William B. Piggot
Introduction to the discipline of history for new or prospective majors. Emphasizes the basic skills of reading, analysis, and communication (both verbal and written) that are central to the historian's craft. Each seminar discusses a different subject or problem.
This course will explore American society during the 1970s. The 1970s was initially believed by social commenters and an early generation of historians to be a time when--to quote Peter Carroll--"it seemed like nothing happened," a period uncomfortably sandwiched between the "radical" sixties and the Reagan "Revolution."
However, recent scholarship has begun to emphasize the fundamental importance of the decade. On the one hand, these years saw the full "mainstreaming" of many of the social and cultural transformations activists first introduced to American culture during the 1960s. However, on the other hand, the 1970s was also the period in which an ascendant conservative movement rose from the ashes of the collapsing New Deal order. Backgrounding these social, cultural, and political changes were a fundamental shift in the global economy, as the United States moved--often awkwardly--from an economy emphasizing manufacturing to one emphasizing services.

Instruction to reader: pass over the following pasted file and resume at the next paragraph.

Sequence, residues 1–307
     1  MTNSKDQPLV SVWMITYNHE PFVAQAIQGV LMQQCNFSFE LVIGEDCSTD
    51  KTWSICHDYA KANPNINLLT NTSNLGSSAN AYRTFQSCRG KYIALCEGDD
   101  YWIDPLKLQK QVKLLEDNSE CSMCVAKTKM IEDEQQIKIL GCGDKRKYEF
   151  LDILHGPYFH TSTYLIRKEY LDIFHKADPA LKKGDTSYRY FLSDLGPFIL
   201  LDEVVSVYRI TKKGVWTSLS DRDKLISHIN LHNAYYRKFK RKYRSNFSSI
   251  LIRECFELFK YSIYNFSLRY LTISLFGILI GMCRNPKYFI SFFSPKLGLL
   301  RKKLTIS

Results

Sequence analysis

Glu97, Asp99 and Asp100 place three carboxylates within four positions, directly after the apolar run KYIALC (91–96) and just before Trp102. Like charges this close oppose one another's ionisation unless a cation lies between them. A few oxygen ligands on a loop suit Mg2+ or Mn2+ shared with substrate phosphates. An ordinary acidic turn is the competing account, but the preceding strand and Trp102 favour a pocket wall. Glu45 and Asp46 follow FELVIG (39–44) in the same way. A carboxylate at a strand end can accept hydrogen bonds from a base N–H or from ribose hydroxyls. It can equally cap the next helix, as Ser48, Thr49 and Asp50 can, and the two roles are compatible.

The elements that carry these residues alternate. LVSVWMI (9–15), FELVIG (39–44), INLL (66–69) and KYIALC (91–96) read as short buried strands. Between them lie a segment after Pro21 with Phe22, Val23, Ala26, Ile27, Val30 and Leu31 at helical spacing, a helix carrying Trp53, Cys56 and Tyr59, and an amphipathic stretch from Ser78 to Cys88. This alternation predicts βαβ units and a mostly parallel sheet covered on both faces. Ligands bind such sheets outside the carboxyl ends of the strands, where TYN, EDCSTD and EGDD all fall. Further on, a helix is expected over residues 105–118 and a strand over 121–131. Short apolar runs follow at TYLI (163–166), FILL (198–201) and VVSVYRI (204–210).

This course will review these trends through the use of readings, film, and music. We will explore some of the decades most important themes and events. Students will be expected to prepare and ultimately submit a 12 to 15 page research paper based on a topic of their choosing drawn from the larger themes of the course.
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